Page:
Foundation and Chaos

(Critical Survey of Contemporary Fiction)

Isaac Asimov’s Foundation Trilogy stands as a cornerstone in the history of science-fiction publishing. After Asimov’s death, his estate authorized the Second Foundation Trilogy, which serves as a prelude to the first trilogy. Three highly accomplished authors have each contributed a volume: Gregory Benford began the trilogy with FOUNDATION’S FEAR (1997), followed by this volume in 1998; the proposed final volume, THE SECRET FOUNDATION, by David Brin, is anticipated in early 1999.

FOUNDATION AND CHAOS opens with the galactic Empire in decline and with Hari Seldon facing a trial on treason charges for predicting it. His predictions are the result of the complex mathematical equations used in his theory of psychohistory. Using psychohistory, Seldon hopes to influence key events to help humankind avoid the worst of the predictions (thousands of years of bloody intergalactic war and chaos). The trial and the events surrounding it represent a Cusp Time in psychohistory; the outcome of these events could significantly impact the future.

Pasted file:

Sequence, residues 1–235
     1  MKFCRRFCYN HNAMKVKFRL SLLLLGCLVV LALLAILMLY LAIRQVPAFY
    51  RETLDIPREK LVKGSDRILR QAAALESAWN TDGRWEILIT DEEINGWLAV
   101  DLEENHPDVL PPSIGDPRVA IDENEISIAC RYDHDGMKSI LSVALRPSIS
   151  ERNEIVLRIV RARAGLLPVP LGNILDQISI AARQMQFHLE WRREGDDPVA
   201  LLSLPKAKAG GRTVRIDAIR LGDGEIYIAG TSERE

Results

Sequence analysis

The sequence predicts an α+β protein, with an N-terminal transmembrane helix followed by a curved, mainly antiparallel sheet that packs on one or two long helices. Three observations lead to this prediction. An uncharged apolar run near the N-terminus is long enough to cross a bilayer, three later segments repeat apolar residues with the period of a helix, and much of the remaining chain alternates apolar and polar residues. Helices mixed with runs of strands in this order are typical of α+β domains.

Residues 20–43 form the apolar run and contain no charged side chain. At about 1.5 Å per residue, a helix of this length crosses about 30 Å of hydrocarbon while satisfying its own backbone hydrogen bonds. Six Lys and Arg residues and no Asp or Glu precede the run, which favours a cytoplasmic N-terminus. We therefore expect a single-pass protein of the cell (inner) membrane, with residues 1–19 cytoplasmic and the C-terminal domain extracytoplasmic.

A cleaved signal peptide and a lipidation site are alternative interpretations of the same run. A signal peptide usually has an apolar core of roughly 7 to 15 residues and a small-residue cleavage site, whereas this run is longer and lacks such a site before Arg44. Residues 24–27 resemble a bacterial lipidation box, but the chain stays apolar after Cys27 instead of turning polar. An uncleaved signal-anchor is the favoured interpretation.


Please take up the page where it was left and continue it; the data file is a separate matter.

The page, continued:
In the classic tradition of Asimov, Bear reveals sweeping events involving millions of worlds, billions of people, and tens of thousands of years through the lives, efforts, machinations, and intersecting paths of key characters. These characters are all complex and reflect various aspects of the greater themes established by Asimov in the original trilogy: free will versus determinism; logic and reason versus...

(The entire section is 443 words.)